In a landmark acknowledgment of the toll that content moderation takes on its workforce, Facebook has agreed to pay $52 million to current and former moderators to compensate them for mental health issues developed on the job. In a preliminary settlement filed on Friday in San Mateo Superior Court, the social network agreed to pay damages to American moderators and provide more counseling to them while they work.

Each moderator will receive a minimum of $1,000 and will be eligible for additional compensation if they are diagnosed with post-traumatic stress disorder or related conditions. The settlement covers 11,250 moderators, and lawyers in the case believe that as many as half of them may be eligible for extra pay related to mental health issues associated with their time working for Facebook, including depression and addiction.

“We are so pleased that Facebook worked with us to create an unprecedented program to help people performing work that was unimaginable even a few years ago,” said Steve Williams, a lawyer for the plaintiffs, in a statement. “The harm that can be suffered from this work is real and severe.”

In September 2018, former Facebook moderator Selena Scola sued Facebook, alleging that she developed PTSD after being placed in a role that required her to regularly view photos and images of rape, murder, and suicide. Scola developed symptoms of PTSD after nine months on the job. The complaint, which was ultimately judged by several other former Facebook moderators working in four states, alleged that Facebook had failed to provide them with a safe workspace.

Scola was part of a wave of moderators hired in the aftermath of the 2016 US presidential election when Facebook was criticized for failing to remove harmful content from the platform. The company hired several large consulting firms, including Accenture, Cognizant, Genpact, and ProUnlimited to bring on thousands of contractors in the United States to do the job.

Last year, The Verge found that moderators hired through Cognizant were working in dire conditions in Phoenix and Tampa. For an annual salary as low as $28,800, moderators were placed into a high-stakes environment that demanded near-perfect accuracy in navigating Facebook’s ever-changing content policies, while being subjected to imagery that could sometimes begin to haunt their dreams within weeks.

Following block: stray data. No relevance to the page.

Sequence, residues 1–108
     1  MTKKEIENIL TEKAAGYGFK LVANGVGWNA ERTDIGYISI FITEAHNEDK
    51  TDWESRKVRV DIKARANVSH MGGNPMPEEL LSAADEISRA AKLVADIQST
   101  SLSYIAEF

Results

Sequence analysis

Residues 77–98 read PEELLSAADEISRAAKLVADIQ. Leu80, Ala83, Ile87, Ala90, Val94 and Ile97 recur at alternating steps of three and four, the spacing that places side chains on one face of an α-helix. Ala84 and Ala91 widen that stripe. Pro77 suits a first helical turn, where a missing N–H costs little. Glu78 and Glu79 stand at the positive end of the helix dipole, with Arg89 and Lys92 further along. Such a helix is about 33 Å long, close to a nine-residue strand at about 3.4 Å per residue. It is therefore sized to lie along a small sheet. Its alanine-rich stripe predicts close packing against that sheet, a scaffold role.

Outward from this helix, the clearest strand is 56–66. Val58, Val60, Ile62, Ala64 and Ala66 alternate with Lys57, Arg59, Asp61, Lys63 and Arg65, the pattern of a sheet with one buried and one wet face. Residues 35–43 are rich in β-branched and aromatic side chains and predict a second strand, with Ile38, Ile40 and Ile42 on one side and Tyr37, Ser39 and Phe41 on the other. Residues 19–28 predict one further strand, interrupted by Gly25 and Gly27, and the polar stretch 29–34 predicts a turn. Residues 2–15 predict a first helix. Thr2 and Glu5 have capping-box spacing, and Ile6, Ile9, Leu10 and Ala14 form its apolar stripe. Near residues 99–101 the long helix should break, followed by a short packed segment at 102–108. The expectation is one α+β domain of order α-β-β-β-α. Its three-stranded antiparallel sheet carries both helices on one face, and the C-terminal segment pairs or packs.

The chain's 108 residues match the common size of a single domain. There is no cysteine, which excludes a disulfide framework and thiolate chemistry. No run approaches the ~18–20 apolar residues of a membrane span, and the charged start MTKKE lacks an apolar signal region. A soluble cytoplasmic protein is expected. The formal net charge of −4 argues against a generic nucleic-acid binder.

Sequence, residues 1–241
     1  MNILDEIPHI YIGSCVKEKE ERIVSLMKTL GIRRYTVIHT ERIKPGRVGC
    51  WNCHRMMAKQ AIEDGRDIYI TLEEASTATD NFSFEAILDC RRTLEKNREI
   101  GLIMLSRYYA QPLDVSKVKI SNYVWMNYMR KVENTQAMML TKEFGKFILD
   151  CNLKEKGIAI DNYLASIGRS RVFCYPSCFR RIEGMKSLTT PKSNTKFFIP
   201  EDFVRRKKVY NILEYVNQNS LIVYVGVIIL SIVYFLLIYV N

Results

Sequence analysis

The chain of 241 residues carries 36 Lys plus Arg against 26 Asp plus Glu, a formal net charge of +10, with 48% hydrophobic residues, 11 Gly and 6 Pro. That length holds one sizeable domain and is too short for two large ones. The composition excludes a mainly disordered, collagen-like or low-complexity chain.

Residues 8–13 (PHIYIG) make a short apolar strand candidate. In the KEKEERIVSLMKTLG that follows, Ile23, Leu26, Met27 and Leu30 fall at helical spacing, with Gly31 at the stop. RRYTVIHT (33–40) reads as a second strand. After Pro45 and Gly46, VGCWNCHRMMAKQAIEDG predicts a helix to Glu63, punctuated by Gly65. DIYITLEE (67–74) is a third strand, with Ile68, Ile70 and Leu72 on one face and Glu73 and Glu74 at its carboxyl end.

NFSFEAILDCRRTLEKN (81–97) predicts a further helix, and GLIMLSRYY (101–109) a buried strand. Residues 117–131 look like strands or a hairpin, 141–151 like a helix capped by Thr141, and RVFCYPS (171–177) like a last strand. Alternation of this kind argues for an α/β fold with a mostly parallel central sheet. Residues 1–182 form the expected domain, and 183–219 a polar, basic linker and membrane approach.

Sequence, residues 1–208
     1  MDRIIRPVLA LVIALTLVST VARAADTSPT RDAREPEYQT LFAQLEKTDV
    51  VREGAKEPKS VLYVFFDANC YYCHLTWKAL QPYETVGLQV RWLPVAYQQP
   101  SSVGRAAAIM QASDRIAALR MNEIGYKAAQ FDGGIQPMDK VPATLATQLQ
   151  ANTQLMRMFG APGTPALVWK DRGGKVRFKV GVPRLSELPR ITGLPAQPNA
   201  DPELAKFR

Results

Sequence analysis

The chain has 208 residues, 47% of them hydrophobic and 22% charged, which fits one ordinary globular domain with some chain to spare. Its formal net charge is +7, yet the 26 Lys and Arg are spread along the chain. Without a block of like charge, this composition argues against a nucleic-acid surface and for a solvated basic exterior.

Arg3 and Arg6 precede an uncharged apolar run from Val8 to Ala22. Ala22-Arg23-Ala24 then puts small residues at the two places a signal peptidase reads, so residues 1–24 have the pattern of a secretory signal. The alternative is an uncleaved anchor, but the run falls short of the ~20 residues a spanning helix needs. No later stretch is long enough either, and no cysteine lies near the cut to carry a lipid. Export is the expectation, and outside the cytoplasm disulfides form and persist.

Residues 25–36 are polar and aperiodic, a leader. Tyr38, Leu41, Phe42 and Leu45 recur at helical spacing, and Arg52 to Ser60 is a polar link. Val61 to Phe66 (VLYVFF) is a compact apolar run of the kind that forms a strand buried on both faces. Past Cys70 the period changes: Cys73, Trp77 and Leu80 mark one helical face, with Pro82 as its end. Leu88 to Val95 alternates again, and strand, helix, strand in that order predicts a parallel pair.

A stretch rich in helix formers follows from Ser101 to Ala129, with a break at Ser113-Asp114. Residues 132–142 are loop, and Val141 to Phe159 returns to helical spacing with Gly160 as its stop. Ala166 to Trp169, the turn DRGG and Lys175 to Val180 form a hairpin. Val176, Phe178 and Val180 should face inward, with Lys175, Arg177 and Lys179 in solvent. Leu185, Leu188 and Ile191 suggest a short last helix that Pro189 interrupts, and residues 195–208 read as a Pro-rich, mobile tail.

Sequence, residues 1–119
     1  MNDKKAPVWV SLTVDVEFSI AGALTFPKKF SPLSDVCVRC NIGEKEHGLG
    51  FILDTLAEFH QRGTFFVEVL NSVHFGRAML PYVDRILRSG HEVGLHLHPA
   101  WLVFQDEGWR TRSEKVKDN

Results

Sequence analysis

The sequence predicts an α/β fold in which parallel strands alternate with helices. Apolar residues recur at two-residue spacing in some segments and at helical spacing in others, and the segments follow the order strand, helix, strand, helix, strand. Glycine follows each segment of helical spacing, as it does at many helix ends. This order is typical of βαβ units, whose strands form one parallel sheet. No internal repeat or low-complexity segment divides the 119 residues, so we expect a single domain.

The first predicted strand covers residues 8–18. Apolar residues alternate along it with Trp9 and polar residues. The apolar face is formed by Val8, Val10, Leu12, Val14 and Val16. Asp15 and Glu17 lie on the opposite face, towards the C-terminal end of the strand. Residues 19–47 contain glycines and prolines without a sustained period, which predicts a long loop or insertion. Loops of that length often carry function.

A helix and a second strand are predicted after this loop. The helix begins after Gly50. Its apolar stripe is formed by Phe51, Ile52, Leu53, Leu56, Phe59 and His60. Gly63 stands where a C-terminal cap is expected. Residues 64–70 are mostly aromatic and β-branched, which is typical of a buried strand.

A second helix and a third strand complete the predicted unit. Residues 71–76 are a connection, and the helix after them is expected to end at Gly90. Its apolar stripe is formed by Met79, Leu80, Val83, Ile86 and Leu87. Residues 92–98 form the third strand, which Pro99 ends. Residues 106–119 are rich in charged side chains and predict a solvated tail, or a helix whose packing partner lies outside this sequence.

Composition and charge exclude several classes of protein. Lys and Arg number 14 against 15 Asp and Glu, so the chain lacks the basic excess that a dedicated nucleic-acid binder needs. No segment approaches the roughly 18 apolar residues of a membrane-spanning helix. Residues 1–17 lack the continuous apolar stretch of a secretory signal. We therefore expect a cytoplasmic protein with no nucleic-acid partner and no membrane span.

Several moderators told The Verge that they had been diagnosed with PTSD after working for Facebook. Later in the year, Cognizant announced that it would leave the content moderation business and shut down its sites earlier this year.

Under the terms of the settlement, every moderator will receive $1,000 that can be spent however they like. But the companies intend for the money to be spent partly on medical treatment, covering the costs associated with seeking a diagnosis related to any mental health issues the moderator may be suffering.

The amount of money a moderator will receive beyond the initial $1,000 will depend on their diagnosis. Anyone who is diagnosed with a mental health condition is eligible for an additional $1,500, and people who receive multiple concurrent diagnoses — PTSD and depression, for example — could be eligible for up to $6,000.

In addition to payment for treatment, moderators with a qualifying diagnosis will be eligible to submit evidence of other injuries they suffered for their time at Facebook and could receive up to $50,000 in damages.

The exact amount of the payout depends on how many members of the class apply for benefits, and it could shrink significantly if the majority of the class is found to be eligible for benefits.

In the settlement, Facebook also agrees to roll out changes to its content moderation tools designed to reduce the impact of viewing harmful images and videos. The tools, which include muting audio by default and changing videos to black and white, will be rolled out to 80 percent of moderators by the end of this year and 100 percent of moderators by 2021.

Moderators who view graphic and disturbing content on a daily basis will also get access to weekly, one-on-one coaching sessions with a licensed mental health professional. Workers who are experiencing a mental health crisis will get access to a licensed counselor within 24 hours, and Facebook will also make monthly group therapy sessions available to moderators.

Other changes Facebook will require of its vendors include:

  • Screening applicants for emotional resiliency as part of the recruiting and hiring process
  • Posting information about psychological support at each moderator’s workstation
  • Informing moderators how to report violations of Facebook’s workplace standards by the vendors they’re working for

The preliminary settlement covers moderators working in California, Arizona, Texas, and Florida from 2015 until now. Members of the class will now have time to comment on the proposed settlement and request changes before it receives final approval from a judge. That is expected to happen by the end of this year, lawyers involved in the case said.

“We are grateful to the people who do this important work to make Facebook a safe environment for everyone,” Facebook said in a statement. “We’re committed to providing them additional support through this settlement and in the future.”